Saturday, March 1, 2014

Korean Style :)

So I know this is something I’ve touched on briefly in another post about why Korea reminds me of the 90’s. But I don’t think I really did justice to the style that Korea has. People really put effort into their appearance here. Not just the girls but also the men. The only thing that I will say is that the style is pretty homogenous here, particularly men’s style. It is pretty much what is known as “hipster”. And girls’ style ranges from super girly- frills, bows and polka dots- to hipster. 

In some ways a lot of things I see are outdated. Not in a cool throwback/ironic kind of way but in a “we never moved on from that decade” sense. For example, I see a lot of young women wearing fitted high waisted pencil skirts and/or dresses with puffy shoulders. They just scream 80’s in all the wrong ways. Since I have the clothes taste of an 8 year old, I think that I fit in perfectly here. I will never outgrow bows and polka dots. With that said, here are some of my favorite trends here:


Short, Puffy Skirts

Mixing girly dresses with chunky sweaters

Oversize Cable Knit Sweater

Prairie inspired tent dresses


HUGE Scarves a la Lenny Kravitz

Fitted Blazers

Obnoxiously Big Glasses

Funky Patterned Shirts

Thursday, December 26, 2013


As the year end approaches, I am feeling particularly reflective. This year has been intense in so many
ways. There has been so much personal growth that it’s overwhelming to think about all that has
happened. The biggest thing for me this year was struggling to let go of my need to control everything
that happens. It’s given me so much peace to realize that the only thing I can control is what I do and
how I feel. I spent a lot of time thinking that I could change certain outcomes and felt personally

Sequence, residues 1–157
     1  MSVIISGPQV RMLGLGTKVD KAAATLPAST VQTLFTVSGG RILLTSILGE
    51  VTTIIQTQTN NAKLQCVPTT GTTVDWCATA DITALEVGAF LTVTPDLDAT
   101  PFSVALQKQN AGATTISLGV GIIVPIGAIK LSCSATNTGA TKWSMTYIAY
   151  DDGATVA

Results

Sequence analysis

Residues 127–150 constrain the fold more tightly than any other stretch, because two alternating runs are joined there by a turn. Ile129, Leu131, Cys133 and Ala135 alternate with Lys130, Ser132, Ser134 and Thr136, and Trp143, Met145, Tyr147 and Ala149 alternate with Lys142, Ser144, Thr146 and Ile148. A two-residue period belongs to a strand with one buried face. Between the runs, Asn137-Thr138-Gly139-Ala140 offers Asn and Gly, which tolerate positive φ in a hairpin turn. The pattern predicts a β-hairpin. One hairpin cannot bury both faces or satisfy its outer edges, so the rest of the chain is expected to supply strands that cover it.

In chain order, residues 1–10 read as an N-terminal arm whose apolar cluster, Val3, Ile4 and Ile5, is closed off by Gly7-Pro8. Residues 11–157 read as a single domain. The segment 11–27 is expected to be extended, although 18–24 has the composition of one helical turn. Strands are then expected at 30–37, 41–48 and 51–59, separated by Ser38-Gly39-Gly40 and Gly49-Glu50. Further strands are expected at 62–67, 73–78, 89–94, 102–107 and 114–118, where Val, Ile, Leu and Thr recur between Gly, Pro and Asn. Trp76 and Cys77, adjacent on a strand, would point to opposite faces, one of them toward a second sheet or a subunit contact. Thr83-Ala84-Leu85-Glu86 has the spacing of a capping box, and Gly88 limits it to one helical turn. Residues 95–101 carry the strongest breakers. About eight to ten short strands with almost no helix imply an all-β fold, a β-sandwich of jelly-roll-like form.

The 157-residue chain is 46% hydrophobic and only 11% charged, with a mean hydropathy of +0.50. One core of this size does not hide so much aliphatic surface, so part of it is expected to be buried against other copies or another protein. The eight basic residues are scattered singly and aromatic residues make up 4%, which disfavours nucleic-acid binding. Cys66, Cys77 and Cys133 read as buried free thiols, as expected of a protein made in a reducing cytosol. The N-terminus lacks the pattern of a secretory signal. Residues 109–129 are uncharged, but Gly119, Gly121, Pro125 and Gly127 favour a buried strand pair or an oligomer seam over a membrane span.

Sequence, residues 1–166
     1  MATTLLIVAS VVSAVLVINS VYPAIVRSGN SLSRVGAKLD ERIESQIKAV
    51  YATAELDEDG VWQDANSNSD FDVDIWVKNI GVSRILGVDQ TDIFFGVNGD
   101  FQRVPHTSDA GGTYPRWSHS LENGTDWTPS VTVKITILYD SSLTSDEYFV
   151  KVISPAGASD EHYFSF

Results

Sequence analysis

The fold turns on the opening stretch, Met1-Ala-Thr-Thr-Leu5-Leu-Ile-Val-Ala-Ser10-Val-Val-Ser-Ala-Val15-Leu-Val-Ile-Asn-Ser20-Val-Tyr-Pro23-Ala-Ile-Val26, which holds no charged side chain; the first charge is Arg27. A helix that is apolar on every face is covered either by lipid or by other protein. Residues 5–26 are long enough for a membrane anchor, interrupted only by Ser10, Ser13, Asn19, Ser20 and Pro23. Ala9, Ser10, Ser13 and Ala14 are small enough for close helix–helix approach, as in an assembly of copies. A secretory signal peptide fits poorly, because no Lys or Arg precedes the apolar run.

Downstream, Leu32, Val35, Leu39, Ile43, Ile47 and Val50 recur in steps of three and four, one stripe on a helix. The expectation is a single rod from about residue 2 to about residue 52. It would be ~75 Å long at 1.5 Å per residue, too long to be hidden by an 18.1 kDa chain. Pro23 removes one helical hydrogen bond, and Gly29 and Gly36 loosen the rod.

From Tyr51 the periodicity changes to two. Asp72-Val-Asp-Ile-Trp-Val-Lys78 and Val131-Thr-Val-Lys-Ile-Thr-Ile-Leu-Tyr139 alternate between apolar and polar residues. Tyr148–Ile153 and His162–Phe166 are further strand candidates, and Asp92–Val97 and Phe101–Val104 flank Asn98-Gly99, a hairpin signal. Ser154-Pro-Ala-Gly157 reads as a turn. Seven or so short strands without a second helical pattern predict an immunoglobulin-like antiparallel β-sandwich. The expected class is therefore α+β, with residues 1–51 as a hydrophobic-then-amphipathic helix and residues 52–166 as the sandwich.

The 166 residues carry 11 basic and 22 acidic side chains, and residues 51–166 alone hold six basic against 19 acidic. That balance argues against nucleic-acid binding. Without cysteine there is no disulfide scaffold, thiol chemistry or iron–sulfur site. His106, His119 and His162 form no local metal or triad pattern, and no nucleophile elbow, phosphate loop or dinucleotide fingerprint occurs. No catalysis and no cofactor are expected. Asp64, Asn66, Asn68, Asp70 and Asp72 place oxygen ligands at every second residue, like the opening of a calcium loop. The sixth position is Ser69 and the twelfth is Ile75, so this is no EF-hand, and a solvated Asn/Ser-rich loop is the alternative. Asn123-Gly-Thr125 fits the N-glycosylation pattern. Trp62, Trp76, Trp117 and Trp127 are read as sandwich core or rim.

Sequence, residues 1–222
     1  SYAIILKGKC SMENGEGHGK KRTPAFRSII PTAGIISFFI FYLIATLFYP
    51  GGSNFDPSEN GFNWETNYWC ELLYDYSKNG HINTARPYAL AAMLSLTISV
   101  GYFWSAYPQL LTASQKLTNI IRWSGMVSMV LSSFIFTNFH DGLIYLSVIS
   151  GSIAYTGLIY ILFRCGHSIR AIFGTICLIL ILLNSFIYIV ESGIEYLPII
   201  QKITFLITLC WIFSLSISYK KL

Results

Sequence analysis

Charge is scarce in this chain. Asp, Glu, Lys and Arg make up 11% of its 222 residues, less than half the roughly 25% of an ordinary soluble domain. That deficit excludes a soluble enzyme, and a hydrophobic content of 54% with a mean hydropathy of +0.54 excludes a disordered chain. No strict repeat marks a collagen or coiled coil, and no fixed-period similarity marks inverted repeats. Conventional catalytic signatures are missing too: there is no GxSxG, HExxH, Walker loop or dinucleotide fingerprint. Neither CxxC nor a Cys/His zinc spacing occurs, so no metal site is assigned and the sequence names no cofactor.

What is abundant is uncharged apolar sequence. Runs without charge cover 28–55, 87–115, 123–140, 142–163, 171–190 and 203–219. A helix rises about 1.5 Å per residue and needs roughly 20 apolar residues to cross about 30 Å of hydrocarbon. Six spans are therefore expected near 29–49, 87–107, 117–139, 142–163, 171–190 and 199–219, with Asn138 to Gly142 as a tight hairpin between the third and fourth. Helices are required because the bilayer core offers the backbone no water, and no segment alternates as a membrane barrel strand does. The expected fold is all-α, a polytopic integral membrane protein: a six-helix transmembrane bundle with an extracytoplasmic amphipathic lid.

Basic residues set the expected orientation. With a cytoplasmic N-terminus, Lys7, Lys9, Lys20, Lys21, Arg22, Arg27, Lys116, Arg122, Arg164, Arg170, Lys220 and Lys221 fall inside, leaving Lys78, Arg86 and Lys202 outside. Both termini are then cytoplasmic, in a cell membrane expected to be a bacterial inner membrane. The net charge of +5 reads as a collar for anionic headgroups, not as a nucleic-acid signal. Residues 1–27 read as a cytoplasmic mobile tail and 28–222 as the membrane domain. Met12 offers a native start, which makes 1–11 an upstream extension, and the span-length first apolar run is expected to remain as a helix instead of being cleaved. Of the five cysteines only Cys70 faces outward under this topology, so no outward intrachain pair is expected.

responsible for any kind of “failure.”

I’ve always prided myself on the thought that I march to the beat of my own drum and try not to give in to societal pressures to live a certain way or do things in a certain order. But I must admit that one thing that’s really freaking me out about being in South Korea is watching loved one’s lives carry on as usual and milestones come and go and I am not there to witness them. I sometimes have to remind myself that everything and everyone will still be there waiting for me when I get back. It’s just scary to think about how fast time is going and how things are changing. But the worst thing to feel is fear. I don’t want to be fearful of what is to come, I just know that things are unfolding as they should. I’ve never felt so loved and supported as I have this past year. It helps to know that I have a strong safety net and I feel incredibly blessed to have people in my life who care so much.

If we open our minds and our hearts, we realize that we encounter people and situations all the time that can teach us more about ourselves and about life. I have three particular people in mind that really shaped experiences this year and changed my worldview. If they are reading this they will know exactly who they are. The first individual, I had the privilege to meet last December. This person was unlike anyone I’d met before and probably will ever meet. I feel lucky to know someone who I connected with on a different level. It’s very rare to meet someone who understands the very core of your being and can introduce you to parts of yourself that you never knew were there.

The second is someone that I have known for a while that resurfaced this year. This person also knows me quite well and knows that occasionally I need a little push to leap at the opportunities that present themselves. We have the utmost respect for each other, and I probably owe my undergrad degree to this individual. We had many conversations leading up to my departure that gave me the extra bit of courage to pursue this opportunity. Saying goodbye was bittersweet because it felt like closing the door to the past.

The third person was someone that has known me since I was a baby and is very close to my family. We had one of those epic, life changing talks in a pub in Toronto on a rainy day a few months before I left. Essentially, this individual gave me permission to start living my own life and to take chances. I will forever be grateful for that conversation. Sometimes you can hear the same words many times but when it comes from the right person, something finally clicks.

I look forward to starting 2014 and hope that it is full of happiness, love, and growth. Thank you all for being part of my journey. Your e-mails and skype calls have meant the world. What has your year been like?